Bork was very spontaneous, obtaining information through my Genogram and reframing all that useful information for me. I still remember his advice: “The Genogram is a powerful tool to tease up family information. Use it carefully, you only have one chance to help your family client.”
Some years later, in 2008, I took my first real client, and as an amateur I made my first mistake: I went straight to the point. I was so proud of myself that I forgot my mentor’s warning.
My client, José, asked me for help since he had problems with his older brother and his younger sister in their family business. On one hand, he could not reach any agreement with his older brother, who seemed to be a good technician, but not a good manager. On the other hand, he did not know how to manage his youngest sister’s behavior. She refused to appear in the office to work while their mother insisted the he pay her a fair salary, that is, equal payment for every sibling.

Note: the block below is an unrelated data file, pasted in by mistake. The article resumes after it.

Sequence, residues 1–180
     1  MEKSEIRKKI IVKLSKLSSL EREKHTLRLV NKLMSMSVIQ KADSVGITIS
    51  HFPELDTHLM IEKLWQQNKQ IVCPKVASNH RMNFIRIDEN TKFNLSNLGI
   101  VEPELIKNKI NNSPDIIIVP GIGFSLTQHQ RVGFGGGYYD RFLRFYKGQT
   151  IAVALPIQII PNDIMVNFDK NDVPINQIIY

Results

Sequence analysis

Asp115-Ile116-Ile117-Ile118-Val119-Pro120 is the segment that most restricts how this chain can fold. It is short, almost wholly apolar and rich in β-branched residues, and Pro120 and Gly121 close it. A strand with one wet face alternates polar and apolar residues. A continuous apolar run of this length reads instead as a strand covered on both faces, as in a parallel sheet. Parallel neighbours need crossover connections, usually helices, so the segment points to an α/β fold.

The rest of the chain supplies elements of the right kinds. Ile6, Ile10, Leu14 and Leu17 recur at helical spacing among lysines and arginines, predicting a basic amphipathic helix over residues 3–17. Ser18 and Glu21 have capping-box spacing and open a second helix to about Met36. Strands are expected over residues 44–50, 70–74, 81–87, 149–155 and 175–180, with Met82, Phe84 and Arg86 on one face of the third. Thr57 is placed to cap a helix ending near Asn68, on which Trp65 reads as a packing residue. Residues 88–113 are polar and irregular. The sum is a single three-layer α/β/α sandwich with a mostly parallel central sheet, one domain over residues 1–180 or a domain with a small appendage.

José was talking about his situation while I was taking notes and asking for more details about their family relations. We even had a second meeting with all his family of origin in their homeland. Everything went very fine with José’s family of origin but, on our way to the airport, José told me that he did not want to go further on this consultancy process. He told me he was looking for a business consultant not for a family therapist. Even more, he told me I was wrong about asking so many questions to his family.
I was completely shocked. I could not understand such a misunderstanding. It seemed a paradox with a difficult solution.
Very soon after this experience I learned from my professor in family therapy, Juan L. Linares, how to deal with paradoxes since, for family therapists, it is very common to receive the following demand: “make changes in my family but do not change me.”